But fortunately for Zavier Pestana, the newborn had two very determined firefighter/paramedics at his side.
They helped save his life. And now he shares their names.
On Monday, Zavier’s parents took him to Fire Station No. 2 for a reunion with most of the crew who handed him off to medical staff at Tri-City Medical Center on Dec. 18.
Zavier’s father, 50-year-old Paul Pestana, called 911 that morning when it became clear his wife was going into labor seven weeks early.
The fire crew loaded up Melissa Wells-Pestana, 37, in the ambulance, but her first-born child would not wait.
The baby was born in front of his parents’ South Tremont Street home. He weighed 4 pounds, 7 ounces.
Fire Capt. Glen Morgan cupped the baby in his hand on the gurney and gave him CPR — two fingers, rapid compressions — as the ambulance raced about 4½ miles to the hospital.
Firefighter-paramedic Steven Choi placed a tiny mask over the baby’s face and started pumping air into him.
He was blue when he arrived at the hospital.
As he was pulled him out of the ambulance, firefighter Tony Valentine said he heard the baby make a little squeak and knew he was fighting for his life.
Dr. Hamid Movahhedian, a neo-natal specialist, and his team were waiting in the emergency room, thanks to a hospital protocol known as “Code Caleb,” which handles resuscitations when newborns are in a dire situation.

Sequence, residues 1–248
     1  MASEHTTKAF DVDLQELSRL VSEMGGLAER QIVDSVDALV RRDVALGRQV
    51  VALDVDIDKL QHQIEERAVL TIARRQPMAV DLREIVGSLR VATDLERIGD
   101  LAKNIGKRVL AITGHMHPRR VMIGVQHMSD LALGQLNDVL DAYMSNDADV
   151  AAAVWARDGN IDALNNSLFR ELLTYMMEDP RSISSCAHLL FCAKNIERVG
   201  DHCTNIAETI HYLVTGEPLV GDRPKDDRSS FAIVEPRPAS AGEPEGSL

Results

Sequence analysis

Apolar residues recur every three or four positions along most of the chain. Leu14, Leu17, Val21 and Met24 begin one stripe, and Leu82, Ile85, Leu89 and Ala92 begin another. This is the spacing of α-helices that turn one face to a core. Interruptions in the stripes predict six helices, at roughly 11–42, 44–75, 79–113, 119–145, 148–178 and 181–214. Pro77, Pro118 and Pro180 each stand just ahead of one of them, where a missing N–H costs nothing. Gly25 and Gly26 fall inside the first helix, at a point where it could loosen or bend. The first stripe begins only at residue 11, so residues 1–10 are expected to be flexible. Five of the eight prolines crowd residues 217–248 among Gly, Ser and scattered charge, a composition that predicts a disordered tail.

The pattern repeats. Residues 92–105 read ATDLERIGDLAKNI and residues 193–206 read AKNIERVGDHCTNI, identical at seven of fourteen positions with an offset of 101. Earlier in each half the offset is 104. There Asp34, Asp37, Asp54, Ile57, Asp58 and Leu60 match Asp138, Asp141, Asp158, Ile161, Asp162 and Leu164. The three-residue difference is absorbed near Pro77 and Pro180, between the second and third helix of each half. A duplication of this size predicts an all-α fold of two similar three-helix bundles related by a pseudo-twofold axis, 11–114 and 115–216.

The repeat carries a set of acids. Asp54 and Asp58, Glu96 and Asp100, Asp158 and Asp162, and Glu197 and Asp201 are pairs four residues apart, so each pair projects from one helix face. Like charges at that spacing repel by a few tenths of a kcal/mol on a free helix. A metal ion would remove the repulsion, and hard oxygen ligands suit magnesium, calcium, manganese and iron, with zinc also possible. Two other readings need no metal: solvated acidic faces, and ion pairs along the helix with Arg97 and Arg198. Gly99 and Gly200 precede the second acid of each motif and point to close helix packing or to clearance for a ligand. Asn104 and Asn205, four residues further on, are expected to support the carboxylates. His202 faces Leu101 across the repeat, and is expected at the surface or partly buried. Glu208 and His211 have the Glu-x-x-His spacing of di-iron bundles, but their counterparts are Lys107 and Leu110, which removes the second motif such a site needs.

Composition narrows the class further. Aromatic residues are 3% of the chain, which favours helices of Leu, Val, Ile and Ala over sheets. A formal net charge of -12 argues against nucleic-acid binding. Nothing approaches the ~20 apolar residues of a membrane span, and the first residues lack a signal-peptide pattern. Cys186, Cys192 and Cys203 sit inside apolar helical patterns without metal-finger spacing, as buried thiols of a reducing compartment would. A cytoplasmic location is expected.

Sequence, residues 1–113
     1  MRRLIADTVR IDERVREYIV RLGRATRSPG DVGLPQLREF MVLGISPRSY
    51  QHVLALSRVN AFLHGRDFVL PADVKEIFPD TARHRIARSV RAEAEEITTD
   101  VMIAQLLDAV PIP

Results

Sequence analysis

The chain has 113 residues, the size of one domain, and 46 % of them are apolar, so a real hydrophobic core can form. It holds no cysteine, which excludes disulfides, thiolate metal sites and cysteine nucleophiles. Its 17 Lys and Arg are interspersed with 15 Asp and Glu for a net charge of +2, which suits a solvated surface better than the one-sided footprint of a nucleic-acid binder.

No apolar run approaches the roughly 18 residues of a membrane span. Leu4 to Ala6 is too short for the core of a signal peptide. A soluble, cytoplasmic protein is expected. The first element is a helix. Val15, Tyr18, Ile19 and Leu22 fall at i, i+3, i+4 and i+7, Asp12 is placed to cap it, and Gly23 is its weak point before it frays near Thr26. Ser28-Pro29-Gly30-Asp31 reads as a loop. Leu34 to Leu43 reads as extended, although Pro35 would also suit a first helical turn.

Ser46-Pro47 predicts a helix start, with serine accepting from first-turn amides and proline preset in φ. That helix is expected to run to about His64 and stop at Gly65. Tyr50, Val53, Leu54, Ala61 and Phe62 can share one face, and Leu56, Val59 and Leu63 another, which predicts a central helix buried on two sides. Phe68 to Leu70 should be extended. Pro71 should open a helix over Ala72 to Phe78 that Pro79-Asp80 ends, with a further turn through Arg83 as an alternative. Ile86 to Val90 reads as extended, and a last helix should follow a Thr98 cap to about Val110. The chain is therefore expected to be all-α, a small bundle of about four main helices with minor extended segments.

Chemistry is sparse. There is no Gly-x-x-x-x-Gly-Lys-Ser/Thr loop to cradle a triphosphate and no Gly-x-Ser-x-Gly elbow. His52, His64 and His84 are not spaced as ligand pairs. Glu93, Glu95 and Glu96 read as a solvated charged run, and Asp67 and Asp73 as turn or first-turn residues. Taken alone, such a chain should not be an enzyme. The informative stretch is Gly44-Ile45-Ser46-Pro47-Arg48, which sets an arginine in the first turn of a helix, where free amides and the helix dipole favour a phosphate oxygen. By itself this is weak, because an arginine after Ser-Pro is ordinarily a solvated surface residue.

The baby was “blue and having difficulty breathing,” Movahhedian said.
Morgan credits the hospital’s response. “If that team wasn’t in place, this wouldn’t have had a good outcome,” he said.
Later that day, after the still-unnamed baby was doing better, his maternal aunt headed to the Ditmar Street fire station to find out the names of his rescuers.
The parents honored the fire crew by naming their baby Zavier Stephan Morgan Pestana, with the middles names coming from the two paramedics.
“They are a part of him now,” Zavier’s mother said.
She said Zavier spent about three weeks in the hospital before getting to go home. He’s doing well now, and weighed 8 pounds, 7 ounces at his doctor’s visit last week, the mother said.
Zavier slept through most of his visit Monday with Morgan and the others. Choi has taken a job with a fire department in Orange County and was not able to attend.